“It is impossibly difficult to relive these experiences and it breaks my heart even more to think that as I work towards my dream of competing at Tokyo 2020, I will have to continually return to the same training facility where I was abused,” was posted on Biles’ social media.

Jamie Dantzscher, a 2000 Olympian, said Nassar was alone with her in her bed at the ranch.

“There was no one else sent with him,” she said on CBS last year. “The treatment was in the bed, in my bed that I slept on at the ranch.”

USA Gymnastics said in July 2016 that it reached an agreement with former national team coordinators Bela and Martha Karolyi to purchase the training facility the couple owned.

The national governing body backed out of the purchase in May “for a variety of reasons” but continued under its current lease agreement while exploring alternative locations for camps. It held national team camps there in September and November.

The Karolyis established the ranch in 1983 after defecting from Romania. It had been a national team training center since 2001.

Larry Nassar calls hearing ‘media circus’ as Olympic gymnasts testify

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LANSING, Mich. (AP) — A statement from McKayla Maroney read Thursday repeated that sexual assault by Larry Nassar “left scars” in her mind that may never fade as a judge heard a third day of testimony from victims.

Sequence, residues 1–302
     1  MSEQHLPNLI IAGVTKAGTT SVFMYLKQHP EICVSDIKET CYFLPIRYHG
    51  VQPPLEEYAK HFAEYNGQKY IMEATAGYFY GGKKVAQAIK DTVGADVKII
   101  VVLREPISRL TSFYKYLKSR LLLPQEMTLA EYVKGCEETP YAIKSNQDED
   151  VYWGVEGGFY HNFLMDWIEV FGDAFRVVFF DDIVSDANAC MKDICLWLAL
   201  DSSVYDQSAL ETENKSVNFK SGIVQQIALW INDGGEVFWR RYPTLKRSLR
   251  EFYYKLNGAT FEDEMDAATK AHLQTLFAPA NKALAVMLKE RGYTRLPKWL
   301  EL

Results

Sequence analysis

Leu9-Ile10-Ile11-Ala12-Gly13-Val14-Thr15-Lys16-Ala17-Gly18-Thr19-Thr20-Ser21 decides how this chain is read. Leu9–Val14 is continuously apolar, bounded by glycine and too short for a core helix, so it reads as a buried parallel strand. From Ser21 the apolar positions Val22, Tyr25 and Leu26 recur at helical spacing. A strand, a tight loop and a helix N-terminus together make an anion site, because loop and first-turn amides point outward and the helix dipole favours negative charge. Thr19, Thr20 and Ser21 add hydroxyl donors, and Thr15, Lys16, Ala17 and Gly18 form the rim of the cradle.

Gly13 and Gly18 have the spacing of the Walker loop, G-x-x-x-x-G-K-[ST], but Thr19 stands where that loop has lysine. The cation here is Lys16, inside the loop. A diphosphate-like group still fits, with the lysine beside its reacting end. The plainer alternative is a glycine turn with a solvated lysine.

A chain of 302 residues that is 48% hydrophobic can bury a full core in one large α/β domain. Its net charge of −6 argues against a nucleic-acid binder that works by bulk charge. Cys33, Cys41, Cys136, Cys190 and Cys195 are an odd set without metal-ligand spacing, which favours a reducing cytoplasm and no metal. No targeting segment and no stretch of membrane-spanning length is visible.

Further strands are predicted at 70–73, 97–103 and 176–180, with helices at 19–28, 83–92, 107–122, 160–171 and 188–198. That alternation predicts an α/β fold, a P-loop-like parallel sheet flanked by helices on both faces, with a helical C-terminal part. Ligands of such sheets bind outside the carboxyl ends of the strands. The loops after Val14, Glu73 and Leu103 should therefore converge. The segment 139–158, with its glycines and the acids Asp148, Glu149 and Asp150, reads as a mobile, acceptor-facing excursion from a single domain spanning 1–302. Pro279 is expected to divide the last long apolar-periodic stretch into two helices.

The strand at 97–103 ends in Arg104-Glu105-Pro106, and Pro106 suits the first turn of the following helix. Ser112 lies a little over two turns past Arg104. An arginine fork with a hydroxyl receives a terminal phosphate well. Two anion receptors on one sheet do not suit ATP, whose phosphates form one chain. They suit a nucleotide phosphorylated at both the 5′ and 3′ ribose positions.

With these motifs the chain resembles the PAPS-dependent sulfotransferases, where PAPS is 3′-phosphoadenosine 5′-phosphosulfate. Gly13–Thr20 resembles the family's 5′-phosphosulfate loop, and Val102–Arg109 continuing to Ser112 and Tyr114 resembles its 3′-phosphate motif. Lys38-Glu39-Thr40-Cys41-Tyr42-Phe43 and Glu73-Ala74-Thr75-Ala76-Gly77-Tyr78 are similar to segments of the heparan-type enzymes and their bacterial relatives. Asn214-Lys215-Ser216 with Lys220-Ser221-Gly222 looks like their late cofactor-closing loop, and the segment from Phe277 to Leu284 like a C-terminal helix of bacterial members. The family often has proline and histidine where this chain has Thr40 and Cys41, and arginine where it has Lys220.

Nassar could be sentenced Friday in Lansing. Since Tuesday, Judge Rosemarie Aquilina has been listening to dozens of young women who were molested after seeking his help for injuries.

Aquilina started the hearing Thursday by saying Nassar had written a letter fearing that his mental health wasn’t strong enough to sit and listen to a parade of victims. He called the hearing “a media circus.”

The judge dismissed it as “mumbo jumbo.”

“Spending four or five days listening to them is minor, considering the hours of pleasure you’ve had at their expense, ruining their lives,” Aquilina said.

Nassar, 54, faces a minimum sentence of 25 to 40 years in prison for molesting girls as a doctor for Michigan State University and at his home.

He also was a team doctor at USA Gymnastics for nearly two decades. He’s already been sentenced to 60 years in federal prison for child pornography crimes.

“Dr. Nassar was not a doctor,” Maroney said in a statement read by a prosecutor (Maroney’s statement was previously posted in the fall). “He left scars on my psyche that may never go away.”

USA Gymnastics in 2016 reached a financial settlement with Maroney that barred her from making disparaging remarks. But the organization this week said it would not seek any money for her “brave statements.”

A 2000 Olympian, Jamie Dantzscher, looked at Nassar and said, “How dare you ask any of us for forgiveness.”

“Your days of manipulation are over,” she said. “We have a voice. We have the power now.”

Nassar wasn’t the only target. Victims also criticized Michigan State and USA Gymnastics.

Michigan State President Lou Anna Simon attended part of the session Wednesday. The school is being sued by dozens of women, who say campus officials wrote off complaints about the popular doctor.

“Guess what? You’re a coward, too,” current student and former gymnast Lindsey Lemke said Thursday, referring to Simon.

The judge has been praising each speaker and criticizing Nassar.

It’s “about their control over other human beings and feeling like God and they can do anything,” Aquilina said of sex offenders.

On Jan. 31, Nassar will get another sentence for sexual assaults at a Lansing-area gymnastics club in a different county.